Drupal off-canvas dialog tutorial: open dialog

There are several things being added though, so let's break it down. First we add the a class called use-ajax:

  • use-ajax is the class that is necessary for any link including dialogs that use Drupal's Ajax API.

We also added some data-dialog-* attributes:

  • data-dialog-type="dialog" specifies that you want to open the link in a dialog. The other option you can specify is modal. Unlike a dialog, a modal dialog restricts interaction with the current page until the modal dialog is closed.
  • data-dialog-renderer="off_canvas" specifies how Drupal will actually render the dialog. If data-dialog-renderer is not specified then the dialog will rendered with Drupal's default dialog renderer, which is a pop-up dialog (similar to the modal dialog which is used by the Views module).
  • data-dialog-options="{&quot;width&quot;:400}" is optional and can be used to overwrite the default off-canvas dialog properties. In this case, I'm specifying that I want the width of the off-canvas dialog to be 400 pixels instead of the default 300 pixels. Any valid jQuery UI dialog options can be sent here.
  • ?destination=current-path specifies the page we have to navigate back to after we close the dialog. To have the form redirect to the current page a destination value must be added to the query string of the link. Redirecting the form to the current page works the same for dialog links as it does for other links to forms in Drupal. Luckily Drupal 8 provides a RedirectDestination helper service to handle this. In the example above, submitting the form would redirect you to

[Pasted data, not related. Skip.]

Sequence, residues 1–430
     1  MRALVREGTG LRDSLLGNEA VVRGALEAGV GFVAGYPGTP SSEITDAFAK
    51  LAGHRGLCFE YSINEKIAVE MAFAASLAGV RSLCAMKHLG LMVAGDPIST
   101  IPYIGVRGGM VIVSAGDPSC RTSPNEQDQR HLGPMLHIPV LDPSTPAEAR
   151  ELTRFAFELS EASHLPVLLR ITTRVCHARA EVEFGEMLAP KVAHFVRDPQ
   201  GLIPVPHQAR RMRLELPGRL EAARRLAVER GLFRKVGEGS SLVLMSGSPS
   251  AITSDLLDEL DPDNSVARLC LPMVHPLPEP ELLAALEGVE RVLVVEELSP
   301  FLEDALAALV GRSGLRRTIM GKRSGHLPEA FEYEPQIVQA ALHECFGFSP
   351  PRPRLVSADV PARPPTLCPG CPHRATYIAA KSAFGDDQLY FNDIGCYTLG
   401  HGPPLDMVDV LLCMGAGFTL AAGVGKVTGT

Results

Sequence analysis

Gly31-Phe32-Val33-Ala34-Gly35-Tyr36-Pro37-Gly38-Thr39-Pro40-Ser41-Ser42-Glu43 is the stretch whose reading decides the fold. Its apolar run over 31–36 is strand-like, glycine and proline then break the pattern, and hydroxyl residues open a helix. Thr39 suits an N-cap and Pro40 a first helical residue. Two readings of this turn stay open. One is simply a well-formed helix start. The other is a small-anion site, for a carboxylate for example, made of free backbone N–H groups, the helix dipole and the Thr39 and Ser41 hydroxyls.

You can create a link like the example above using a Drupal render array; it will open a form page in the off-canvas dialog and redirect the submitted form back to the current page:

$elements['link'] = [
  '#title' => 'Edit image',
  '#type' => 'link',
  '#url' => Url::fromRoute('album_image', ['album' => $album, 'image' => $image], 
    ['query' => \Drupal::service('redirect.destination')->getAsArray()])->toString();,
  '#attributes' => [
    'class' => ['use-ajax'],
    'data-dialog-type' => 'dialog',
    'data-dialog-renderer' => 'off_canvas',
    'data-dialog-options' => Json::encode(['width' => 400]),
  '#attached' => [
    'library' => [

Because the dialog functionality might not be needed on every page, Drupal won't load it unless needed. We use the #attached element to tell Drupal that we want the JavaScript dialog system to be loaded for this page. It's a bit more work, but it keeps Drupal efficient.

Improving the developer experience

Applying the off-canvas dialog to my blog and writing this tutorial uncovered several opportunities to improve the developer experience. It seems unnecessary to set class' => ['use-ajax'] when data-dialog-type is set. Why do I need to specify both a data-dialog-type and a data-dialog-renderer? And why can't Drupal automatically attach core/drupal.dialog.ajax when data-dialog-type is set?

In discussing these challenges with Ted Bowman, one of the developers of the off-canvas dialog, he created an issue on to work on off-canvas developer experience improvements. Hopefully in a future version of Drupal, you will be able to create an off-canvas dialog link as simply as:

$link = Link::createFromRoute('Edit image', 'album_image', 
   ['album' => $album, 'image' => $image])->openInOffCanvasDialog();
$elements['link'] = $link->toRenderable();

Special thanks to Ted Bowman and Samuel Mortenson for their feedback to this blog post.

Talking about the many contributors to Drupal 8.5, a few of them shouted out on social media that they got their first patch in Drupal 8.5. They were excited but admitted it was more challenging than anticipated. It's true that contributing to Drupal can be challenging, but it is also true that it will accelerate your learning, and that you will likely feel an incredible sense of reward and excitement. And maybe best of all, through your collaboration with others, you'll forge relationships and friendships. I've been contributing to Open Source for 20 years and can tell you that that combined "passion + learning + contribution + relationships"-feeling is one of the most rewarding feelings there is.